For a record-breaking sixth year, the HS2 project has been rated as ‘in doubt’ with ‘major risks’, as it has yet again got an amber-red rating from the Infrastructure and Projects Authority in its’ annual report. This sixth straight amber-red rating breaks the previous record of being told for five years that ‘urgent action is needed’, which was of course set last year by HS2 Ltd.
Just in case you’ve forgotten, the IPA definition of ‘amber-red’ is:
“Successful delivery of the project is in doubt, with major risks or issues apparent in a number of key areas. Urgent action is needed to address these problems and/or assess whether resolution is feasible.”
So whilst every annual report of the IPA (previously the MPA) has produced since its’ creation has basically said: “This is a mess. It’s that much of a mess, we’re not even sure you can ever get it right, so you’d better sort this out sharpish. You do realise this is only just floating above the point at which we’d say ‘stop now’? Again….”, the problem is that literally no-one who has the power to either do anything about this, or could at least provide some serious scrutiny, gives a toss.
Over the last, six years we’ve had various ministers and officials from HS2 Ltd put forward at this point who would say something like “That’s based on old information, it’s all sorted now” before HS2 would get another amber-red rating, proving it clearly wasn’t all sorted now, whilst fighting every step of the way against the publication of the actual reports that say what is wrong with HS2.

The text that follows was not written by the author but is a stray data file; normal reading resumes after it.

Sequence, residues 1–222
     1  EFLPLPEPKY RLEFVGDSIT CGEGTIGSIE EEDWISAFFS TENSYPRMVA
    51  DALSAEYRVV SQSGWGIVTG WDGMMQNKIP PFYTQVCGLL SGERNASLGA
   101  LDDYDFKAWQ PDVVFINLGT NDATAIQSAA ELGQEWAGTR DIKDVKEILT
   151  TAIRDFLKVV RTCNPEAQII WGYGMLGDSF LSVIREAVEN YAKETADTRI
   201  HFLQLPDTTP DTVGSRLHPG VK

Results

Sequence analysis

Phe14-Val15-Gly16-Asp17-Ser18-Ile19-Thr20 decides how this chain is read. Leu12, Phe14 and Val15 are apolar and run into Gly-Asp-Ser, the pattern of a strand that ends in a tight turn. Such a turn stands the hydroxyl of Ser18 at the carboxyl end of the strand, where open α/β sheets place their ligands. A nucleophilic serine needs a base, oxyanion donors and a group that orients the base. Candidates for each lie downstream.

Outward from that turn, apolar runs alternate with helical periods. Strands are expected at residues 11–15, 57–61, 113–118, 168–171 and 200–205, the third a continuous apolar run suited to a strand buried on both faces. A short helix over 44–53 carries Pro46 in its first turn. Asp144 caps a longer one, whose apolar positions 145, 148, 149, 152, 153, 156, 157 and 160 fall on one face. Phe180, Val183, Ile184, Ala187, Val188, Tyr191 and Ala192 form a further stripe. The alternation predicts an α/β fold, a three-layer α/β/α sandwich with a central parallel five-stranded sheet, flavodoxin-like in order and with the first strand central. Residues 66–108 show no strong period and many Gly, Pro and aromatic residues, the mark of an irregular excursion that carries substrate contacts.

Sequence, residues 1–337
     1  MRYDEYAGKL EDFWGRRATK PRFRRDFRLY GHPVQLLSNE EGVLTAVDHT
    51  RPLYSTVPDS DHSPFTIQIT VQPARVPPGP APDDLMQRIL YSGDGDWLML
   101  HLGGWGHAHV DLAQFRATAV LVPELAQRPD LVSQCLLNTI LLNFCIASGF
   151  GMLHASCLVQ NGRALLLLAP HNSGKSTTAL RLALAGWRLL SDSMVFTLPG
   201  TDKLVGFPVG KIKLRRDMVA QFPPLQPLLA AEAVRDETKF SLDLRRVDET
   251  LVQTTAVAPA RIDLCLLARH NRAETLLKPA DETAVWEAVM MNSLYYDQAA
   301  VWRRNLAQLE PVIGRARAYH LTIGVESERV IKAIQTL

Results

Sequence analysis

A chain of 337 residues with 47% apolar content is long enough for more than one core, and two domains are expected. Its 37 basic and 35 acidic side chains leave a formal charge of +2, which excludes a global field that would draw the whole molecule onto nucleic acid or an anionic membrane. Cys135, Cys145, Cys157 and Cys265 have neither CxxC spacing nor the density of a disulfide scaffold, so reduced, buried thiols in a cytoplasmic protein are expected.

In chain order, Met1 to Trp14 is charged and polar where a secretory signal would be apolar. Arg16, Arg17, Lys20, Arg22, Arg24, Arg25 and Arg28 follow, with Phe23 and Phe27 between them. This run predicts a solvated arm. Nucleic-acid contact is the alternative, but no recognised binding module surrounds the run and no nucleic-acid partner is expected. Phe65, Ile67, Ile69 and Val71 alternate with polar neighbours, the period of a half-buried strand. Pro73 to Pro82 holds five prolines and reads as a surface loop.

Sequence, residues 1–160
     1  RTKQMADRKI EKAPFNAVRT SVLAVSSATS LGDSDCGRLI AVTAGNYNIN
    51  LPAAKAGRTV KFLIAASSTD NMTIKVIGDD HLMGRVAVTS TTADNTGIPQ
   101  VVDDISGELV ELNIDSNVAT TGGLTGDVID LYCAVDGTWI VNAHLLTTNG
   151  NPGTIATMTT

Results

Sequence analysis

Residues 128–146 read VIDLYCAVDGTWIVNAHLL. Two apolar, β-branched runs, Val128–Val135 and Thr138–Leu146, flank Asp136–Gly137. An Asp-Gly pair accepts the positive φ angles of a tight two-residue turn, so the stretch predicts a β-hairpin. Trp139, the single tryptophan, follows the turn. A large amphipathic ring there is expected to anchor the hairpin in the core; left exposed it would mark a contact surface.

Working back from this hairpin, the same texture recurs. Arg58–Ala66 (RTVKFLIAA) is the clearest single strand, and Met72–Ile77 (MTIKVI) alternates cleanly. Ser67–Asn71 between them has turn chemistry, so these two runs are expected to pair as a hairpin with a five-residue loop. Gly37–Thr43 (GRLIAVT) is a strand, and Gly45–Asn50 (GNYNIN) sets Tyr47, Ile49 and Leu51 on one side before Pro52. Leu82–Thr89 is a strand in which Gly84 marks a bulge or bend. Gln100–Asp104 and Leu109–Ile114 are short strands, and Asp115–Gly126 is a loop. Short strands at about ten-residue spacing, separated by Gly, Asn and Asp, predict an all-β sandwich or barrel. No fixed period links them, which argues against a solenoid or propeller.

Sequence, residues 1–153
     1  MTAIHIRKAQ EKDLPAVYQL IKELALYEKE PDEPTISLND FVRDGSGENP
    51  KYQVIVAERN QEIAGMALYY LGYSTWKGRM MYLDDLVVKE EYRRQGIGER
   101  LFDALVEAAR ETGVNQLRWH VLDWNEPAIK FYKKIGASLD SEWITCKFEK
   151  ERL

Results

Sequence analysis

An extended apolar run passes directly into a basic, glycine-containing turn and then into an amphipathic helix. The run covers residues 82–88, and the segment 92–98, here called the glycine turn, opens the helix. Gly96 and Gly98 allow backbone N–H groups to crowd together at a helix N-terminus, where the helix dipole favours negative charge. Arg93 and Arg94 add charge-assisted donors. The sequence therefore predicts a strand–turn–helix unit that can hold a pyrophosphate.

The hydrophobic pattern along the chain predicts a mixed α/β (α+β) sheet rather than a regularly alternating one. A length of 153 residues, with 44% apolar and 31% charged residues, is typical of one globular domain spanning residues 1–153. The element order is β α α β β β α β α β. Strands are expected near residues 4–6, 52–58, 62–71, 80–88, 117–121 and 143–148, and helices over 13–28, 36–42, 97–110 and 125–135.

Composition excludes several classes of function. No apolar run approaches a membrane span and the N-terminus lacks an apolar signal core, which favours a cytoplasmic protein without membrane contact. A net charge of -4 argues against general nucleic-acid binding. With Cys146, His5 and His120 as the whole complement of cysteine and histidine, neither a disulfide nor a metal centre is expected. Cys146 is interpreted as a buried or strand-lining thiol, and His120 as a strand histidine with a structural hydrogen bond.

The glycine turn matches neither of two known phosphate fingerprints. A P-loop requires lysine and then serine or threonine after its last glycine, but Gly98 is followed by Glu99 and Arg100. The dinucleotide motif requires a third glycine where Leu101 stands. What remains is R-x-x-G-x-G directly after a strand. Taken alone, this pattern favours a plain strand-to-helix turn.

More recently, the line has been that “This has to be expected due to the complexity of the project”, basically not admitting that HS2 is a mess, but trying to claim that because it’s a big project it can’t be assessed properly, so nothing to worry about! But this time, because there is no sexy political intrigue associated with HS2 (or at least not enough to tear journalists away from Brexit, the only thing they seem to want to report at the moment), the only journalist who’s even asked for an explanation is from New Civil Engineer, so they haven’t even bothered commenting.
If the seeping septic tank that is HS2 does get the final go ahead when/if the final designs for Phase 1 are signed off this time next year (three years late), in 20 years when it still hasn’t been finished, and it’s gone five times over budget even though it’s been descoped, people will ask “Why did no-one see this coming?”.
Well, as the IPA reports have demonstrated again and again and again, the reality is that anyone who is paying attention can see what is coming. The problem is that for politicians, being bothered to question whether spending tens of billions of on something massively environmentally damaging, that is already starving more deserving projects of funding and only the construction lobby actually want, is simply way too much effort.